Washington Redskins quarterback Robert Griffin III passes against the Baltimore Ravens in the second half of their NFL football game in Landover, Maryland in this file photo from December 9, 2012. Photo by Gary Cameron, Reuters.
WASHINGTON - The US Patent and Trademark Office on Wednesday moved to cancel the federal registration of the Washington Redskins' name after it agreed that it is "disparaging of Native Americans."
The decision -- which the American football team intends to appeal -- is a victory for American Indians and their supporters for whom "redskins" is a racially charged word.
In a statement, the Patent Office said five Native American petitioners had "met their burden to establish that the term 'Redskins' was disparaging of Native Americans, when used in relation to professional football services."
While the team could still keep using the name, cancelation would result in the loss of protection from copyright infringement and counterfeiting that comes with federal registration.
- Appeal on horizon -
The Redskins' trademark attorney Bob Raskopf said the team would "of course" appeal the decision just as it did successfully back in 2003.
"We are confident we will prevail once again," said Raskopf in a statement from Ashburn, Virginia, where the team is holding a week-long pre-season mini training camp.
He added: "The registrations will remain effective while the case is on appeal."
Dan Snyder, owner of the National Football League (NFL) franchise, has been adamant about retaining the name despite a growing national campaign spearheaded by the Oneida tribe in upstate New York.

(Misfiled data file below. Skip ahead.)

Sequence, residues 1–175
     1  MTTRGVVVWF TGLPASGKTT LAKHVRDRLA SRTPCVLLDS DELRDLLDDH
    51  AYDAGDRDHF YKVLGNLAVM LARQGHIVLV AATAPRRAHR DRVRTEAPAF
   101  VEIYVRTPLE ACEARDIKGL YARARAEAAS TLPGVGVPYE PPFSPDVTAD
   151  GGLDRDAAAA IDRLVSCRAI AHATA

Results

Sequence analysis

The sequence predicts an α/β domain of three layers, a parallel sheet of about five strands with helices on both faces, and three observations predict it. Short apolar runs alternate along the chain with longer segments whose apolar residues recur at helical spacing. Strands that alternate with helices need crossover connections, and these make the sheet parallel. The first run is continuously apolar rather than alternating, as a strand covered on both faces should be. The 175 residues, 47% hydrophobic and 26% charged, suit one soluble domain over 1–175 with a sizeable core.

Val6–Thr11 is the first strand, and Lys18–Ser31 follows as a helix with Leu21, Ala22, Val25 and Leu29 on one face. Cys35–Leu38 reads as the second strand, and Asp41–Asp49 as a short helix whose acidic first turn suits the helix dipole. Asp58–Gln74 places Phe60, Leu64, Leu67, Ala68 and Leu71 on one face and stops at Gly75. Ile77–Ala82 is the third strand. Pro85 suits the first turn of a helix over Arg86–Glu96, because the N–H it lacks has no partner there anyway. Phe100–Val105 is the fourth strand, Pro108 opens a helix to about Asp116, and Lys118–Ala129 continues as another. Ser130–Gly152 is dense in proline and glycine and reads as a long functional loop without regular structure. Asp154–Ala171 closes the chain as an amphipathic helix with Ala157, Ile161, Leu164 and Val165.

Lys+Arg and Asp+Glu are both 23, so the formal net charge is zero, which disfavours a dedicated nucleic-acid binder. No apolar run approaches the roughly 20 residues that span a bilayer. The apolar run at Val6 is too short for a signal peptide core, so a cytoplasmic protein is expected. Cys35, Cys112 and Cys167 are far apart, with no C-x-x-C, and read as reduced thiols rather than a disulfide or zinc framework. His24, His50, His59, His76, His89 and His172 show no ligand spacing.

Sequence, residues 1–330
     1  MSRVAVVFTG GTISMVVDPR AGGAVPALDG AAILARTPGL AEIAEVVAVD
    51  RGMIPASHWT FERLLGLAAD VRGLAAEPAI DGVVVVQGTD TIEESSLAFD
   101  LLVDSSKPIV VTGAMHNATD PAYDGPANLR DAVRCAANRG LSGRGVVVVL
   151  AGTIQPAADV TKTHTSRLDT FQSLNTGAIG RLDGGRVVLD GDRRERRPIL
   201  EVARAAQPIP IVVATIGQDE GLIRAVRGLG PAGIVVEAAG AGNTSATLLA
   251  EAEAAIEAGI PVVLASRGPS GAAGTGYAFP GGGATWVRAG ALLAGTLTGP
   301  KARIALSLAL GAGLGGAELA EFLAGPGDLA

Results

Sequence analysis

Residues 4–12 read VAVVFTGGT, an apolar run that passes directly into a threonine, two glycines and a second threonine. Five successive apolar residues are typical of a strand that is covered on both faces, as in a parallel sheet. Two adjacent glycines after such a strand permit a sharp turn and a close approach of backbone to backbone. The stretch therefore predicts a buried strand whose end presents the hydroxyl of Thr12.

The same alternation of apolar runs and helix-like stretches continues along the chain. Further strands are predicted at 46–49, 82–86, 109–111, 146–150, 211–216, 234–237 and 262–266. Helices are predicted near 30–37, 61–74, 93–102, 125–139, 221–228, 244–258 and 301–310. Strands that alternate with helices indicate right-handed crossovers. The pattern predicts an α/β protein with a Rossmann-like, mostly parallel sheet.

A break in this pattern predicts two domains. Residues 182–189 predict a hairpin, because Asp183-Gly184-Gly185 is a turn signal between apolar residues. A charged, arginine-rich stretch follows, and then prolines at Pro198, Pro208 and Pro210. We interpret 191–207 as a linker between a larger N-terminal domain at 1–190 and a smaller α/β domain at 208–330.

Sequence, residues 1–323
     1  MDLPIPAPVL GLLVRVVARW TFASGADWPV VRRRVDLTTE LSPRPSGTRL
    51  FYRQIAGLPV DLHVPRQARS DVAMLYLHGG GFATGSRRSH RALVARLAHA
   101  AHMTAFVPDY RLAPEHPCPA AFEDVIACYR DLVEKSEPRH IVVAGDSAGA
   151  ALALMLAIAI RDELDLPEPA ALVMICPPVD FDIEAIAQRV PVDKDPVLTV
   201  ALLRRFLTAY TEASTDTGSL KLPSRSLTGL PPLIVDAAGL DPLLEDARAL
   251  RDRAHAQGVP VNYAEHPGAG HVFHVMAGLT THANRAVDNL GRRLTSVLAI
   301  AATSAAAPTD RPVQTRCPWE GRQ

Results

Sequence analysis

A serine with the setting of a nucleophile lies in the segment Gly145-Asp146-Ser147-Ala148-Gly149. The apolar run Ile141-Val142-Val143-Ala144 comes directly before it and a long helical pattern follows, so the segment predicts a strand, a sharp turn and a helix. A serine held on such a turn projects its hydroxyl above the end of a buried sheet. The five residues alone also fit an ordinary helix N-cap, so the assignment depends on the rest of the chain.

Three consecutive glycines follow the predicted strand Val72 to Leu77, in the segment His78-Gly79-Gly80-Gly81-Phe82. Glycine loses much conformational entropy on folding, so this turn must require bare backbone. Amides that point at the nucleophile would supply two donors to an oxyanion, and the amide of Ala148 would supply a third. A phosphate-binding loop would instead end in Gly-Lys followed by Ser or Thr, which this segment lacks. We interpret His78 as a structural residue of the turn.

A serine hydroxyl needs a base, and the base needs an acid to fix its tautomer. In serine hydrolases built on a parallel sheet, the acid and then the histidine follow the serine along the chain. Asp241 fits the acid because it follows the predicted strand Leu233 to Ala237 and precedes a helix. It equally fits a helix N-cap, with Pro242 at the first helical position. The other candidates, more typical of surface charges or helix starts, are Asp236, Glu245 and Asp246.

"If the most basic sense of morality, decency and civility has not yet convinced the Washington team and the NFL to stop using this hateful slur, then hopefully today's patent ruling will," said Oneida representative Ray Halbritter.
That's because "it imperils the ability of the team's billionaire owner to keep profiting off the denigration and dehumanization of Native Americans," Halbritter said in an email to AFP.
The long-simmering issue gained national attention in October when President Barack Obama, on a Sunday political talk show, said he'd consider renaming the Redskins if he was the team owner.
- Divisive issue -
The Redskins are easily the number-one professional sports team in the US capital, with an avid and loyal following that cuts across socio-economic, racial and partisan lines.
But the name issue is divisive.
On Capitol Hill, 49 members of the 100-strong Senate signed an open letter to Snyder urging him to rename the team.
"It's extremely important to Native Americans all over the country that they no longer use this name," said Senate Majority Leader Harry Reid from Nevada, home to several Native American nations.
"Daniel Snyder says it's about tradition. I ask what tradition, the tradition of racism? It's all that that name leaves in its wake."
But on the team's Facebook page, news of its plans to appeal the decision attracted more than 3,000 "likes" within an hour of appearing on the social networking website.
"I'm less concerned about the name and more concerned that the US Patent Office just attempted to render a $2 billion dollar trademark worthless with the stroke of a pen," wrote Brent Mekosh, an Arizona financial advisor, on the Facebook page.
"Even those who don't like the name should be chilled by this."
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